OCEANSIDE — The 19th annual San Luis Rey Band Pow Wow shared Native American dance, music and food on June 13 and June 14.
Spiritual leader Robert John Knapp (Seneca/Tubotolobol) gave the opening blessing on Saturday.
The grand entry of Native American military veterans, elders and tribes in colorful regalia followed.
Then the Circle Dance invited spectators to join in.
“It’s my favorite part,” Carmen Mojado, of the San Luis Rey Band, said. “Even the little kids and the toddlers (join in).
“The music is the heartbeat of Mother Earth. When I hear the first drum beat, I sigh.”
Next was the tiny tots dance, in which children show off their best steps.
Afterward a candy toss invited all children into the arena, to dance and then collect all the candy they could hold.
Competition dances included Grass, Fancy, Fancy Shawl and Jingle.
The two days of competition are organized by performers’ age and ability level. Dancers compete as soon as they can keep a beat.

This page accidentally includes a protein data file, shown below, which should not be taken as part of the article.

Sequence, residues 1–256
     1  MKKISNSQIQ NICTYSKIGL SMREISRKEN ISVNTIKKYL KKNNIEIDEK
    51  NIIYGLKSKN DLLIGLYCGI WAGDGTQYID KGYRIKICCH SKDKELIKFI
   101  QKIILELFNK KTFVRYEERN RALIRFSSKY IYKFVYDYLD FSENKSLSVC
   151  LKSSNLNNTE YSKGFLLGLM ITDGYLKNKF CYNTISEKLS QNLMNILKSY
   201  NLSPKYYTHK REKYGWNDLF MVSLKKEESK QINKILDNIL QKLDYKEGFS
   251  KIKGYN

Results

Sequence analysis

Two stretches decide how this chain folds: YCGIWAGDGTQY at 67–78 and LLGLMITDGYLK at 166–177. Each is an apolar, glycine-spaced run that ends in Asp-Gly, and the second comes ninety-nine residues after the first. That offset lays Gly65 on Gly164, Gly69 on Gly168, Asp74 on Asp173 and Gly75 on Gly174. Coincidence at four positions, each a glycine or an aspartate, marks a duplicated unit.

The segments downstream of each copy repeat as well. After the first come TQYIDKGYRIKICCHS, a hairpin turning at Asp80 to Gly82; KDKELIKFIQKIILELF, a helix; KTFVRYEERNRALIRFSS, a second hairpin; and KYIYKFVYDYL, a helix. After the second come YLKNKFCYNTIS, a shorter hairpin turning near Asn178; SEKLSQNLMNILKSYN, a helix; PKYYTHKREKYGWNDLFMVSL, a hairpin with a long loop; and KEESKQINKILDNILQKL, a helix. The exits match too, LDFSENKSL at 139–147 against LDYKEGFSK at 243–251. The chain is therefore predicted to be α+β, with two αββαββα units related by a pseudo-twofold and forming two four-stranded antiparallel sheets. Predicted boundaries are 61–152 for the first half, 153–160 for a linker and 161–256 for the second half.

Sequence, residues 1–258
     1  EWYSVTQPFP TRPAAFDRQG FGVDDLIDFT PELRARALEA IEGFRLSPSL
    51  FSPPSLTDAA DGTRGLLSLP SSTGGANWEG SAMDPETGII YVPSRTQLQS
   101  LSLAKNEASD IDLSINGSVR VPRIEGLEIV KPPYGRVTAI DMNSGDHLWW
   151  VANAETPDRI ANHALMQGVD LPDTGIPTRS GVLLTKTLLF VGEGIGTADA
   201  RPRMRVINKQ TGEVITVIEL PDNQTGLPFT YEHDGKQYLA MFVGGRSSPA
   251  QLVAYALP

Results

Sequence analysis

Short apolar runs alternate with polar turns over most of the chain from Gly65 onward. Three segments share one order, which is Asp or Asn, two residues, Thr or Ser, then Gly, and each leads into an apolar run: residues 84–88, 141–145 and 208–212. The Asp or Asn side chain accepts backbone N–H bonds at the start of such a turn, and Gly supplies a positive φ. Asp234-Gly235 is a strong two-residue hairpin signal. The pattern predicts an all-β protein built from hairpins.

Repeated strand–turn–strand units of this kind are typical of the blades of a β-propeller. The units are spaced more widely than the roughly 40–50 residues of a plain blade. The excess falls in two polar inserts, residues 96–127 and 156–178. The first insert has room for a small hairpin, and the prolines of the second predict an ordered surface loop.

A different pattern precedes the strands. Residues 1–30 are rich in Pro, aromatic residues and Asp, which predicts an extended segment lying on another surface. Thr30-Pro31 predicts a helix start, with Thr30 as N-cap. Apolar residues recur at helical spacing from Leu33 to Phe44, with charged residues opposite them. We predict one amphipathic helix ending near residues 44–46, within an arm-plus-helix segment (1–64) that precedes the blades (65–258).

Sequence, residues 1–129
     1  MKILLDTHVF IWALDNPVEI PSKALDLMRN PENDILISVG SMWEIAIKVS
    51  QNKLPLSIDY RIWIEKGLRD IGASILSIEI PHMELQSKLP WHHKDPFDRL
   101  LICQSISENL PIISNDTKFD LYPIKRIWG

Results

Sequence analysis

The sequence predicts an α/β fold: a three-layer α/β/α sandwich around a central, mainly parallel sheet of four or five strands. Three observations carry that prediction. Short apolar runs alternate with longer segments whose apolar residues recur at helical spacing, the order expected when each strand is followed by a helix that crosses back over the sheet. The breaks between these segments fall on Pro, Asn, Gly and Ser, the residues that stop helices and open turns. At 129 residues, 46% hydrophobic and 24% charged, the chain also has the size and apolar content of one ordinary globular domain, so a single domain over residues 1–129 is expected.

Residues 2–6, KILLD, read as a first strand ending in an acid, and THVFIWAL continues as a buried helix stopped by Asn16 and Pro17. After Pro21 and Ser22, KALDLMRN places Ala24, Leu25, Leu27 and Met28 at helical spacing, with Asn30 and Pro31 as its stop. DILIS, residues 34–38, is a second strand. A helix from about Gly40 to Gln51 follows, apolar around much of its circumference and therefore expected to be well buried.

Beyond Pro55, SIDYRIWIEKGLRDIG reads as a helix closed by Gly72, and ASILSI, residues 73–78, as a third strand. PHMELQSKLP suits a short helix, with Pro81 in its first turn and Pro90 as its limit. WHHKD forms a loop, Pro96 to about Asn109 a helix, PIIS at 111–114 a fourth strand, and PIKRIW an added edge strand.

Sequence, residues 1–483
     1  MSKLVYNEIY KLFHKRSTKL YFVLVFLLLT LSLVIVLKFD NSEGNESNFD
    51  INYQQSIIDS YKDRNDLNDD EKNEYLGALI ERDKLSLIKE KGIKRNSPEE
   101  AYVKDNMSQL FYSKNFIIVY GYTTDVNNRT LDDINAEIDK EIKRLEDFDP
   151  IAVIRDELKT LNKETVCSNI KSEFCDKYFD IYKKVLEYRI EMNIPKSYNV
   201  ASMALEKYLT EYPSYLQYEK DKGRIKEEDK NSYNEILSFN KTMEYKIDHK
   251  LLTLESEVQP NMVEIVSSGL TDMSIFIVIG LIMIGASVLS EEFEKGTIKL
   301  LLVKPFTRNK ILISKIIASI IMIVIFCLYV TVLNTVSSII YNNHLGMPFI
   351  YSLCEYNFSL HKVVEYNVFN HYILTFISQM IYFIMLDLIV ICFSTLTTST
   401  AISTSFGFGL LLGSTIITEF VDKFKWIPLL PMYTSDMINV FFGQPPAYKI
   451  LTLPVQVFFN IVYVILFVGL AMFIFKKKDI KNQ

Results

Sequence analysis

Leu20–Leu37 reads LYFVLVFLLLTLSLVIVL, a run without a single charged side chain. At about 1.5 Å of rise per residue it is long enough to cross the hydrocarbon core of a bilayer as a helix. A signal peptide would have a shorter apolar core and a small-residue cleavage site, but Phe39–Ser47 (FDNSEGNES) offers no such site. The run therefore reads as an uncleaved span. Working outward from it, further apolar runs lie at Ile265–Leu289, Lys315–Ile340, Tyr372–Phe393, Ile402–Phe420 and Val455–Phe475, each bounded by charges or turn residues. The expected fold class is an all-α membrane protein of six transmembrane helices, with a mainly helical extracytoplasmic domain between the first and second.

“The Fancy dance is war dancers,” Steve Mojado, of the San Luis Rey Band, said. “They wear wonderful regalia. They dance faster and faster. It’s something to see.”
Tribes from California, Arizona, Nevada and New Mexico routinely attend the annual event.
Food and handmade goods were sold by a close-knit “family” of vendors throughout the two days. Indian tacos and fry bread were among food favorites.
Knapp said the pow wow is about prayers for Mother Earth.
“We love this land,” Knapp said. “When we come to pray, we pray with our feet, everything.”
Knapp has led peace walks through the United States and Europe. He said the walks are not in protest, but to unite tribes in prayer for Mother Earth.
The staff he held during opening ceremonies has feathers from each state he walked though during the U.S. peace walk.
Knapp will be speaking at the Council for a Parliament of the World’s Religions in Utah in October. He said his message there will be peace.